Accordingly Company Directors are becoming increasingly exposed to personal liability for business debts.
Further the execution of personal guarantees by directors have become commonplace and essential today if one wanted to continue in business. This means that directors of small to medium sized businesses have exposed themselves to personal liability by guaranteeing the debts of their companies. Demands on the directors will normally proceed when there is a default pursuant to a personal guarantee.
Since 1993 the Australian Taxation Office also has had its recovery powers for company debts extensively increased as the ATO can now place a penalty on directors equal to the tax debt outstanding for the company pursuant to Section 588 FGA of the Corporations Act. This provision allows the ATO to be indemnified by the directors for certain taxation liabilities of the company.
There are also Common Law and Contractual duties owed by directors that are governed by Case Law and their individual employment contracts.
The Common Law duty of care, skill and diligence stems from the law of negligence and the relationship of proximity between the director and the corporation.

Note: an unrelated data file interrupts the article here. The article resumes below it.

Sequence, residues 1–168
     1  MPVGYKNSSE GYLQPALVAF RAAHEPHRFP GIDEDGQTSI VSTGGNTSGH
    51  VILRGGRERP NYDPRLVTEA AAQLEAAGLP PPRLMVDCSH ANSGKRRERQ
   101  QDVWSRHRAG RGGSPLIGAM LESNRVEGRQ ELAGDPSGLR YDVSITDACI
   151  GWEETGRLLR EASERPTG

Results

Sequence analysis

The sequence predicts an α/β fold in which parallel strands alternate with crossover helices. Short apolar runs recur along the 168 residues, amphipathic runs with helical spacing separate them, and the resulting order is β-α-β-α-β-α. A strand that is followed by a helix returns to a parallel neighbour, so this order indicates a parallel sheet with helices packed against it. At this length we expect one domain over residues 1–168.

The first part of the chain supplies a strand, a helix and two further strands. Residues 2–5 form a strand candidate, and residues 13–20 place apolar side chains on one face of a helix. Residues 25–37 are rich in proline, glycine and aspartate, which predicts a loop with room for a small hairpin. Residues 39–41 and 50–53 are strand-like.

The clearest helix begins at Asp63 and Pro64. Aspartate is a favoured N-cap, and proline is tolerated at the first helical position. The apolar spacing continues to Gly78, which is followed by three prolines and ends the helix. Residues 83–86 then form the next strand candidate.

Rules of equity also impose a number of duties on directors by virtue of the fiduciary relationship between directors and the company. A liquidator is able to bring proceedings for breach by a director of a duty owed to the company that but for the insolvency of the company, would otherwise be exercisable by the company.
So effectively corporate structures are not the protective instrument they once were to secure against commercial risk. It is more evident that directors are personally exposed in the case of insolvency. A more litigious society has made unforeseen claims more of a reality and consequently directors need to protect themselves and their assets from adverse situations.
There may be little benefit to an insolvency practitioner or creditors in pursuing directors unless of course the directors are covered by D & O insurance giving the practitioner access to the funds of an insurance company.
There are however a number of standard exclusions from D&O policies which significantly restrict the ambit of their operation. These include:
- prospectus-type liability exclusion which will often be of importance to directors of companies who propose to embark on a public offering;
- professional indemnity exclusion which excludes cover for claims alleging a breach of duty other than the professional duties owed by a director;
- insured versus insured exclusion which excludes claims brought by one person covered by the insurance against another, including by the company against a director. This is a significant exclusion because a director’s duties are owed to the company itself and actions thus brought by the company are a significant potential source of liability. Many D & O policies contain an exception to the insured versus insured exclusion. This is to prevent the manufacturing of a claim for example by the directors of a company breaching a duty and voting to sue themselves to get damages for which the company is insured.
D & O policies normally include an exclusion to extend cover to claims brought in the name of the company at the instigation of a receiver, administrator or liquidator.